by Dale Vile and Jon Collins
Justifying the purchase of x86 servers to run new applications has never appeared a real issue for most organisations. Indeed, as costs have come down for ever more powerful kit, the server procurement habit has often led to the accumulation of large x86 estates made up of multiple generations of equipment. But as these estates have grown over time, have they kept up with the real demands of the business from a service delivery perspective? And with this question in mind, what is the case for investment in modernisation of the x86 environment?
Businesses are dependent on x86 servers running Windows and Linux
Feedback gathered during a recent survey of almost a thousand IT professionals confirmed it is typical for larger organisations to be running many hundreds, if not thousands, of Windows and/or Linux x86 servers, with even smaller entities often above the ten server level. Running workloads ranging from database management, through application and web serving, to security services, there is no doubt that the x86 server is now very much part of the IT and business fabric.
Yet performance of x86 estates can leave a lot to be desired in many cases
During our research, four key performance indicators (KPIs) were considered – quality of service, time to benefit for new capability, risk management, and operational efficiency. For every indicator, while some organisations are achieving great success, a similar number are failing to deliver acceptably, with those in the middle having room for improvement to one degree or another.
At a detailed level, a number of specific drivers for change and evolution exist
Apart from improving overall performance, a number of more specific drivers of change and evolution are evident. From a business perspective, these are mostly to do with supporting the dynamic nature of the modern business environment, dealing with data growth, supporting new or changing application functionality, etc – i.e. the main imperative is to allow more to be done. From a technical and operational perspective, virtualisation stands out as being the most prominent agent of change.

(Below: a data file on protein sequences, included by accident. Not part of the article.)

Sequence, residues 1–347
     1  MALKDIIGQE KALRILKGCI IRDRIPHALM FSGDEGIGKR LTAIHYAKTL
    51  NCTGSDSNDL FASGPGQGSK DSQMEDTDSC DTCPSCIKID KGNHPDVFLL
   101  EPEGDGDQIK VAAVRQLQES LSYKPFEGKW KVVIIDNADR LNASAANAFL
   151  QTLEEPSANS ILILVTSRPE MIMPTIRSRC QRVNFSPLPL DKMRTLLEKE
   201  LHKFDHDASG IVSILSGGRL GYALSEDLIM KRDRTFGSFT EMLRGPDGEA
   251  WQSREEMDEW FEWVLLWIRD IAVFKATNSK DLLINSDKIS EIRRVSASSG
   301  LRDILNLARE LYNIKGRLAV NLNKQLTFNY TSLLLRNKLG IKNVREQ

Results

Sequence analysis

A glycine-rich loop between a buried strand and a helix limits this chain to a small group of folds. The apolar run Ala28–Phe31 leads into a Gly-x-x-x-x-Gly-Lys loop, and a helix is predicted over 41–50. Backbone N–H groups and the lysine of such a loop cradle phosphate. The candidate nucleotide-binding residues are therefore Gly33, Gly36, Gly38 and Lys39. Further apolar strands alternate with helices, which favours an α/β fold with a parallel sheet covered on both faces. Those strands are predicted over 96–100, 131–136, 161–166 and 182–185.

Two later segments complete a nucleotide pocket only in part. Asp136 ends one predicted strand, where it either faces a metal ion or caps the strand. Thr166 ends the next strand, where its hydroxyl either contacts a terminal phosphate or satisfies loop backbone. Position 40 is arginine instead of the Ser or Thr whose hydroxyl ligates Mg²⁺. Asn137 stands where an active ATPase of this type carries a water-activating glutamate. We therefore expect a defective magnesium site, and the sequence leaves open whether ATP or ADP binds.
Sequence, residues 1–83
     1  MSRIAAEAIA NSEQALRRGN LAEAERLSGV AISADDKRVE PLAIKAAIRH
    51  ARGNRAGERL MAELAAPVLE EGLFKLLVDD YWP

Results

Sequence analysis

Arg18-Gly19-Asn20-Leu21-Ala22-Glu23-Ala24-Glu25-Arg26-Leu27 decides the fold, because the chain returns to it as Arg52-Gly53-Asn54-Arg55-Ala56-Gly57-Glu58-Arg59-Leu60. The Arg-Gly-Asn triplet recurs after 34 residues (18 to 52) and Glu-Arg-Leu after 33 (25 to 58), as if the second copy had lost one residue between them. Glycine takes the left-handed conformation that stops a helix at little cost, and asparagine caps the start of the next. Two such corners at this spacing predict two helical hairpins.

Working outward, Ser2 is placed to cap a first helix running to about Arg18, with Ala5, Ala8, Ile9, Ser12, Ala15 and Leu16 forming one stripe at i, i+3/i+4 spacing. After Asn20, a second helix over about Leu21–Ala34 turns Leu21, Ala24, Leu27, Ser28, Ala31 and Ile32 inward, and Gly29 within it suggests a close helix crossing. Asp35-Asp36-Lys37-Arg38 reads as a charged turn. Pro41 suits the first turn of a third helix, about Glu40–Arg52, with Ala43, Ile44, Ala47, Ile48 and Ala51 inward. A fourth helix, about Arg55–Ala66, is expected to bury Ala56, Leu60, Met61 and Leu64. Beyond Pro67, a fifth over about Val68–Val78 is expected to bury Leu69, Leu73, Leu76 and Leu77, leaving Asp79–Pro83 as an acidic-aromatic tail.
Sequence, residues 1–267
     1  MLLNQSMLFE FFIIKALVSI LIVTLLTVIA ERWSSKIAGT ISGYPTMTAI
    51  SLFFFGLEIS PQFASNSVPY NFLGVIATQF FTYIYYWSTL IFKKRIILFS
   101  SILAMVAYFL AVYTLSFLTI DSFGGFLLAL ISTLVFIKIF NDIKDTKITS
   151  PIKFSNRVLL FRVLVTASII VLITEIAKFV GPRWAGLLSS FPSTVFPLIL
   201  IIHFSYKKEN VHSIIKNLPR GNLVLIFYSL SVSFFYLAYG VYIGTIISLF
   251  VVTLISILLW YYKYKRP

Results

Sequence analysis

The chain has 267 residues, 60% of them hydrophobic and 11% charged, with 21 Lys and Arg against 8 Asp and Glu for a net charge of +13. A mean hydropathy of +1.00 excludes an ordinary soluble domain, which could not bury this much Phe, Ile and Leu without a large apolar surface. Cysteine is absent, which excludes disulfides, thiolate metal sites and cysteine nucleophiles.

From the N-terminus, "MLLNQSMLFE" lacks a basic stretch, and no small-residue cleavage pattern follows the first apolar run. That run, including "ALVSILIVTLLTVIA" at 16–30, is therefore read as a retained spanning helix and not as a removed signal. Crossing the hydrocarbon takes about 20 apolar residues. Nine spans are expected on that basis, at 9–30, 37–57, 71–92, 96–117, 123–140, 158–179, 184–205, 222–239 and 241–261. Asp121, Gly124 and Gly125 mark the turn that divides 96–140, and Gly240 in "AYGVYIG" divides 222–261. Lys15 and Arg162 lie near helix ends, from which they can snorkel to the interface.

Single dimensional views of modernisation can lead to missed opportunity
Those with older x86 estates tend to perform significantly less well, as do organisations with big gaps in their monitoring and management capability. When looking to drive improvements, however, it is worth bearing in mind that modern equipment is inherently more manageable and capable of supporting virtualised environments, as well as providing greater operational visibility. Dealing with either hardware upgrade or operational improvement alone therefore means opportunities will be missed and return on investment will not be maximised.
A joined-up service-centric approach is recommended
When reviewing current capability and looking at modernisation options, there is value in taking a holistic approach with the overall objective of creating an efficient, flexible and well managed virtualised environment. Defining the problem in terms of overall service delivery will help to make sure that infrastructure modernisation is acknowledged as a legitimate part of the business agenda.
Study based on feedback gathered via an online survey of 979 IT professionals from the UK, USA, and other geographies.
Content Contributors: Dale Vile & Jon Collins
Through our research and insights, we help bridge the gap between technology buyers and sellers.
Have You Read This?
The pandemic and productivity: a Covid-19 conundrum
Lifecycle Management of HCI Systems
Modern Data Protection for HCI
Manage your data, not just your storage
Analytics-Driven Storage Management
Make the camera work for you, not against you
The role of machine learning and automation in storage